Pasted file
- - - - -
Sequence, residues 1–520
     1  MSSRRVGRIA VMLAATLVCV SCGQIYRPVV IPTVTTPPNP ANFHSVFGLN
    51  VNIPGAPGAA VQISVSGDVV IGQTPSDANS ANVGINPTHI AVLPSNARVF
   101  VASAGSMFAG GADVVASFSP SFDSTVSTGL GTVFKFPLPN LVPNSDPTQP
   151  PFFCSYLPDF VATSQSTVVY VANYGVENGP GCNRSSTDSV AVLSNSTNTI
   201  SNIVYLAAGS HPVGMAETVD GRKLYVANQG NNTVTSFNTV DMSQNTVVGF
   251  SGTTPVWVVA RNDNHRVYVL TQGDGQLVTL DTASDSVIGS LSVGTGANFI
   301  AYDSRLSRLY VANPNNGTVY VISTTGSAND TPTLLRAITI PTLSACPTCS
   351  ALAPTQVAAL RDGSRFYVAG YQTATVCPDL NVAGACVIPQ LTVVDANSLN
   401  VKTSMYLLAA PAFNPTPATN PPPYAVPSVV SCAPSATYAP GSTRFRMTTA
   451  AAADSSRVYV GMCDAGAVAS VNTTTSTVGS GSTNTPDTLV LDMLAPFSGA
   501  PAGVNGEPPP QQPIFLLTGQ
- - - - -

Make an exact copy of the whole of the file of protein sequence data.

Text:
Sequence, residues 1–520
     1  MSSRRVGRIA VMLAATLVCV SCGQIYRPVV IPTVTTPPNP ANFHSVFGLN
    51  VNIPGAPGAA VQISVSGDVV IGQTPSDANS ANVGINPTHI AVLPSNARVF
   101  VASAGSMFAG GADVVASFSP SFDSTVSTGL GTVFKFPLPN LVPNSDPTQP
   151  PFFCSYLPDF VATSQSTVVY VANYGVENGP GCNRSSTDSV AVLSNSTNTI
   201  SNIVYLAAGS HPVGMAETVD GRKLYVANQG NNTVTSFNTV DMSQNTVVGF
   251  SGTTPVWVVA RNDNHRVYVL TQGDGQLVTL DTASDSVIGS LSVGTGANFI
   301  AYDSRLSRLY VANPNNGTVY VISTTGSAND TPTLLRAITI PTLSACPTCS
   351  ALAPTQVAAL RDGSRFYVAG YQTATVCPDL NVAGACVIPQ LTVVDANSLN
   401  VKTSMYLLAA PAFNPTPATN PPPYAVPSVV SCAPSATYAP GSTRFRMTTA
   451  AAADSSRVYV GMCDAGAVAS VNTTTSTVGS GSTNTPDTLV LDMLAPFSGA
   501  PAGVNGEPPP QQPIFLLTGQ